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Re: [NTO] Re: PHP Editor

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  • Jeff Scism
    The last two explanations of folding helped a lot, especially the visual comparision to Windows explorer. -- ~~ Jeffery G. Scism. IBSSG Genealogy is the art
    Message 1 of 25 , Jul 6, 2004
      The last two explanations of "folding" helped a lot, especially the
      visual comparision to Windows explorer.
      --
      ~~

      Jeffery G. Scism. IBSSG

      Genealogy is the art convincing public officials that you need to have
      a document to determine IF you are a descendant, and if you had Proof
      of descendancy, you wouldn't NEED the document.
    • Mike Hopkins
      ... Folding is like putting variable-width accordian pleats in your text -- similar to a chinese lantern. Collapse the fold and part of the text disappears. It
      Message 2 of 25 , Jul 6, 2004
        > what exactly is "Folding"?
        >

        Folding is like putting variable-width accordian pleats in
        your text -- similar to a chinese lantern. Collapse the fold
        and part of the text disappears. It is still there, in the
        background hidden in the folding buffer, but it is not shown
        on the screen.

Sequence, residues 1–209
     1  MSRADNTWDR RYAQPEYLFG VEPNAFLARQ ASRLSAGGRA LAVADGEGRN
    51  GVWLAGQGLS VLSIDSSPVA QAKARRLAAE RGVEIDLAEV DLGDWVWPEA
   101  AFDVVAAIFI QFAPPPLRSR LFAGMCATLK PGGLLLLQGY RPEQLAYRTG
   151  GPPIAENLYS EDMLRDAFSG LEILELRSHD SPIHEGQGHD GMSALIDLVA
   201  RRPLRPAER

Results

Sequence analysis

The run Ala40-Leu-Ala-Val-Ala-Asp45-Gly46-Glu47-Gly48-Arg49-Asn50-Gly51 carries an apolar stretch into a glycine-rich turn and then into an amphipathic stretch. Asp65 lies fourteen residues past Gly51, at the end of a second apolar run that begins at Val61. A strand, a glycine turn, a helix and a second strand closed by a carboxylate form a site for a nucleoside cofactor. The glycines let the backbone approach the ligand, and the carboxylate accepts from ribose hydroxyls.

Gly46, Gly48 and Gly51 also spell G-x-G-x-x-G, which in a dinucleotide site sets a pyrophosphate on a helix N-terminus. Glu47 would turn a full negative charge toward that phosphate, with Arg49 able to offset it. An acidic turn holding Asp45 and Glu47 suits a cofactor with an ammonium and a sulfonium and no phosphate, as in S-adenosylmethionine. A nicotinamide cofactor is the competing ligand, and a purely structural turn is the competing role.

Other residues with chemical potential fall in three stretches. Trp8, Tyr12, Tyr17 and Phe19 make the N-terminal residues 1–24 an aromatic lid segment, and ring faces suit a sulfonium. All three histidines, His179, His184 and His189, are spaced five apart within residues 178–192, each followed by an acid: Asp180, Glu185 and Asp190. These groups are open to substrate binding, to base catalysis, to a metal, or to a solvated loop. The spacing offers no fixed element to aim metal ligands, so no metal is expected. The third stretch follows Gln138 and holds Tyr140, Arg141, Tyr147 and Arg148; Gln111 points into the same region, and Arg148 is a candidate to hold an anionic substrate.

Unfold the section and it reappears on the screen.

        This feature is very handy when editing long pages of code,
        etc., or when making comparisons.

        It has been a standard part of several DOS and *NIX editors
        for several years but is just recenly becoming populsr in
        Windows-based applications.

        In HTML, you could fold/collapse your completed HEAD
        section, your FOOTER section and that completed logo/header
        each in its own fold and have only the remaining BODY
        section visible. When you complete another section just fold
        it out of sight. If you need to view a hidden section of
        code just unfold it and it reappears in place.

        The folding/unfolding is usually accomplished by clicking on
        a mark in the left-hand gutter. The mark is usually a line
        when the section is unfolded and a mark (*<{<#), etc., when
        folded. Nested folds are not uncommon.

        HTH
        Mike Hopkins
        ironmike |AT| inav.net
      • hsavage
        ... Hi all, On July 6, the subject of FOLDING TEXT was talked about on the Off-Topic list. I had never used such a feature but can see the advantage when
        Message 3 of 25 , Jul 13, 2004
          melchior prisi wrote:

          > ----- on 05.07.2004 20:09 Jody wrote:
          >
          >> Yes, it is, but I cannot say what the likelihood is of it being added.
          >>
          >>>> Second that. The bliss of folding!